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The return of the Camelids Back to the list

Number of episodes: 3
Episode's length: 50'
Directors: François Brey & Patrice Desenne
Producer: Grand Angle Productions
Coproducers: ARTE
Language: French & English
Copyright: 2015


From China to South America, in passing through the Sahara, caravan routes have been taken over by mechanized transport.  Now camelids, camels, dromedaries and llamas, must be reconverted, to continue bringing life to the most arid regions of the world. They must support the millions of people who live there, and thus avoid a fatal exodus towards the outskirts of megacities.


Going beyond the outdated image that often accompanies them, we visit 14 countries to explore these camelids - with or without humps ; to meet the men and women, farmers, entrepreneurs and researchers, who innovate and mobilize to create new industries, and thus allow the camelid family, symbol of adaption, resistance and economy, to  play a major role in the modern world. The camelid revolution is advancing!


The Princes with 2 humps

They’re camels, they have 2 humps, and they can resist just about anything: arid deserts, extreme cold, extreme heat, salt water. For 1,500 years, they enjoyed their heyday on the Silk Road, from the orient to the occident. Some have even remained wild, even in the cruelest desert of the world. Where do they come from? Curiously enough, from North America - like their entire family, the camelids. Today, after centuries of indifference, man now views them with renewed interest. Scientists study their mysterious humps. Along with camel milk, they are the foundation of a new dairy industry. Their very fine hair competes with cashmere and wool, but...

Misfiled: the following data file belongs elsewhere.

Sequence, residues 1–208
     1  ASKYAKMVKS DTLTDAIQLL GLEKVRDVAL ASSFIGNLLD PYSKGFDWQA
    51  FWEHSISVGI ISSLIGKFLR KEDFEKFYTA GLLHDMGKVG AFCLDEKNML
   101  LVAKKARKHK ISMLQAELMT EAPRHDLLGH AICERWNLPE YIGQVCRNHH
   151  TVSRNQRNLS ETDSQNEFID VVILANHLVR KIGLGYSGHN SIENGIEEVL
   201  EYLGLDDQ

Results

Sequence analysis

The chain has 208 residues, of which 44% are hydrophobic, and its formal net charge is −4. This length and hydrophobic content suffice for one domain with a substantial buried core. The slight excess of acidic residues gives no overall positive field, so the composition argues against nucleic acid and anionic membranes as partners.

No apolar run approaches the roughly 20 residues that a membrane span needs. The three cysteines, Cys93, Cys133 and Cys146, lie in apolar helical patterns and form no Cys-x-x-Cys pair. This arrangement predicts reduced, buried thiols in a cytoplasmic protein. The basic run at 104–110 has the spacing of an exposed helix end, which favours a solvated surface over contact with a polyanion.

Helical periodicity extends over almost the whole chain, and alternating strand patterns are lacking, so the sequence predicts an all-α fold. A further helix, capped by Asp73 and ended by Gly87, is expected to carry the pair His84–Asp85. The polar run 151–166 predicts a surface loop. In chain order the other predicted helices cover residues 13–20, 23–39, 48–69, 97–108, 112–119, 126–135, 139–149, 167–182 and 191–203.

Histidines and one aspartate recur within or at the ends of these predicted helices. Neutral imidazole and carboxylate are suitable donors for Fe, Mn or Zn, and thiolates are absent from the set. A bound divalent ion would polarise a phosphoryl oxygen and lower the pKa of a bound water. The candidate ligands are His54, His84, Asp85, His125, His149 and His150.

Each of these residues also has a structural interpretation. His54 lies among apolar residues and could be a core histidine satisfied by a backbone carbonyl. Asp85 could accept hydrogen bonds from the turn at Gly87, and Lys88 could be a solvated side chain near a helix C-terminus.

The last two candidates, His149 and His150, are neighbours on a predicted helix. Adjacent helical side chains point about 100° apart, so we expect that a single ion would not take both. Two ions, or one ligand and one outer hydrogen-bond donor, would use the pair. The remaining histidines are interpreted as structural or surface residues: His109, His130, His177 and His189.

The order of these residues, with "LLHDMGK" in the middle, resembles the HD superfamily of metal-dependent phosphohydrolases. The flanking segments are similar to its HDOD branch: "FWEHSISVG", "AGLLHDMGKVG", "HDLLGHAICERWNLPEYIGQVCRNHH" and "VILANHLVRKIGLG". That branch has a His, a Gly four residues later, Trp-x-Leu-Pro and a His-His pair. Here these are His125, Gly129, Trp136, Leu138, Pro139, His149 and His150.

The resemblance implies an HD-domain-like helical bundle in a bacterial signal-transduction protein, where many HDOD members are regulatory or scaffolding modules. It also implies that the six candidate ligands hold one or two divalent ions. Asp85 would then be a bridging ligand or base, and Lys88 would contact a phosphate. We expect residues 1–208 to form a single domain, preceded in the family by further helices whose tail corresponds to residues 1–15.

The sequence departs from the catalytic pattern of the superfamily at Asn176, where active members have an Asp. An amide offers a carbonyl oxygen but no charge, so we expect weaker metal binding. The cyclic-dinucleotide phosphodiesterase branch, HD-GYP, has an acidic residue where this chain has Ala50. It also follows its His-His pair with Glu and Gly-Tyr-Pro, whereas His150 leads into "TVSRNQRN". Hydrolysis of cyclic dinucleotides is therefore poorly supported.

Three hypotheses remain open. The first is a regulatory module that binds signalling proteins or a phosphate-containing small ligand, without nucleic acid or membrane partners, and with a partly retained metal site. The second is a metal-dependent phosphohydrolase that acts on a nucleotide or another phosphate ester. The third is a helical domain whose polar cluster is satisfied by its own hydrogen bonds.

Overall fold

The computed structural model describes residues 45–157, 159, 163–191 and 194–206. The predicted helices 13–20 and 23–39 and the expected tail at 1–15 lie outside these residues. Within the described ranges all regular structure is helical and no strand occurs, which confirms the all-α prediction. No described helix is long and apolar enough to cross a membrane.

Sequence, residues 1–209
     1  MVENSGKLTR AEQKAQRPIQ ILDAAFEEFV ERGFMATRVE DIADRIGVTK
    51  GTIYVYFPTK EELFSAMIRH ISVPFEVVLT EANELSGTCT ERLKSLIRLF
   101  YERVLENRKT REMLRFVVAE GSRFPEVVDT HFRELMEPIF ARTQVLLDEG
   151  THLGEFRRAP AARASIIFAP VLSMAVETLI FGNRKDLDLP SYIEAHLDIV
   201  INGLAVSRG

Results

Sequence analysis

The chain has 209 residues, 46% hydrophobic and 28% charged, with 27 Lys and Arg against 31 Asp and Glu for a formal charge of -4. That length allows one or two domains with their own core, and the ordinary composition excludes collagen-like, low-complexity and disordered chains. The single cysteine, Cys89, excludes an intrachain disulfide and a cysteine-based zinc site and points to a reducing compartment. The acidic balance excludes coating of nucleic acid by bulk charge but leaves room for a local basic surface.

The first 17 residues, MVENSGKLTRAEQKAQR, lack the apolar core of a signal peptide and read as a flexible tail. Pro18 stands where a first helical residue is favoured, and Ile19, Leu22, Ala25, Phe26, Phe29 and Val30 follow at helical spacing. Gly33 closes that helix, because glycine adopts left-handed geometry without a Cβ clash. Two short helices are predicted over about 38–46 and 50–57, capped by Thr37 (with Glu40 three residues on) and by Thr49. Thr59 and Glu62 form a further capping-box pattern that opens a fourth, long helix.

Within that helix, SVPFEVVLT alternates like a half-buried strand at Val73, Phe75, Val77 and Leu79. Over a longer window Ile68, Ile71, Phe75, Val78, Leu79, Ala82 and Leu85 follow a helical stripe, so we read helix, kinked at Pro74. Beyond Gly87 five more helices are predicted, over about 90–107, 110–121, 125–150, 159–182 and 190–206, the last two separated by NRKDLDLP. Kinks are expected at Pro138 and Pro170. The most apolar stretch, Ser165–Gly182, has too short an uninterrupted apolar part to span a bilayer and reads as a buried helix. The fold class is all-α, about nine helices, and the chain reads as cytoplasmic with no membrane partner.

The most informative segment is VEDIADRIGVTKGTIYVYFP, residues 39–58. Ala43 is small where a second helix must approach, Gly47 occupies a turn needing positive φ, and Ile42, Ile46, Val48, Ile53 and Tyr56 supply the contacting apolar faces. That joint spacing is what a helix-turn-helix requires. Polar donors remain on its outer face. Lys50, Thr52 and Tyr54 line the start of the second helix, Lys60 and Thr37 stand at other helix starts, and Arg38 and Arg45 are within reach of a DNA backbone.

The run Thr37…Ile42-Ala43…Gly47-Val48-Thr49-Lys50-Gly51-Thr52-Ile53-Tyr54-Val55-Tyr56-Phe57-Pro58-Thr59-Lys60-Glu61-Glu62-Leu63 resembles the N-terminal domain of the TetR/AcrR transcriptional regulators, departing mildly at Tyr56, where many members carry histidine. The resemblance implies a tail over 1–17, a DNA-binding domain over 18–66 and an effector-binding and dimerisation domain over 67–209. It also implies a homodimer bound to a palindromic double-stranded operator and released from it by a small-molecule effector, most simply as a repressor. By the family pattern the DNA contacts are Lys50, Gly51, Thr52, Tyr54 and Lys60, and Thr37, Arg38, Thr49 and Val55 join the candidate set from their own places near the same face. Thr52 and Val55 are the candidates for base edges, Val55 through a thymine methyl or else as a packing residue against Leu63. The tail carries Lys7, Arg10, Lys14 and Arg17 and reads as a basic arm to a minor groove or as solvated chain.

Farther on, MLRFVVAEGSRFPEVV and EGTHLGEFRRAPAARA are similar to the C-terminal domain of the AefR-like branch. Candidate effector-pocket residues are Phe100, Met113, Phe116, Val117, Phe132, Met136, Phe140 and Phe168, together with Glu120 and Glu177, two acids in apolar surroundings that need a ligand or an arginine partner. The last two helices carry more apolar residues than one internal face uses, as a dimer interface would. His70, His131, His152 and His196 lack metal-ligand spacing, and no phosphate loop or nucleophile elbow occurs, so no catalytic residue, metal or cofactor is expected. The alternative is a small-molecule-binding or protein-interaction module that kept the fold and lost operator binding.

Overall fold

The Superdromedaries of the desert

Dromedaries have a hump. For 4,000 years they allowed nomadic tribes to live in a very hostile environment. They are the ships of the desert. Saddle animals, pack animals, the dromedary provides man with its meat, milk, skin ... Where do they come from? Curiously from North America, like the entire camelid family. Today, with the disappearance of caravans, and the settling of peoples, they integrate into the modern world! The production of their milk has become intensive, and cheese is even made from it! The dromedary competes with the horse, with thoroughbreds racing on camel racetracks. It is the object of a high-tech reproduction, but its’ almost...

The Gods of the Andes

Historically, small camelids, humpless camels, have always served as valuable aids to the Andean populations. The llama and its domestic and wild cousins, the alpaca, vicuna and guanaco, provide wool and meat, and transport caravans on the Incan trails. Where do they come from? From the other America, the one to the north, like their entire family, the camelids. Mechanization, urbanization, and hunting have provoked their decline. Today, they are reclaiming their space, more and more. Thanks to the fiber of their fur, the alpacas and vicunas are conquering the world, and help communities to live. The alpacas have come back to the land of their...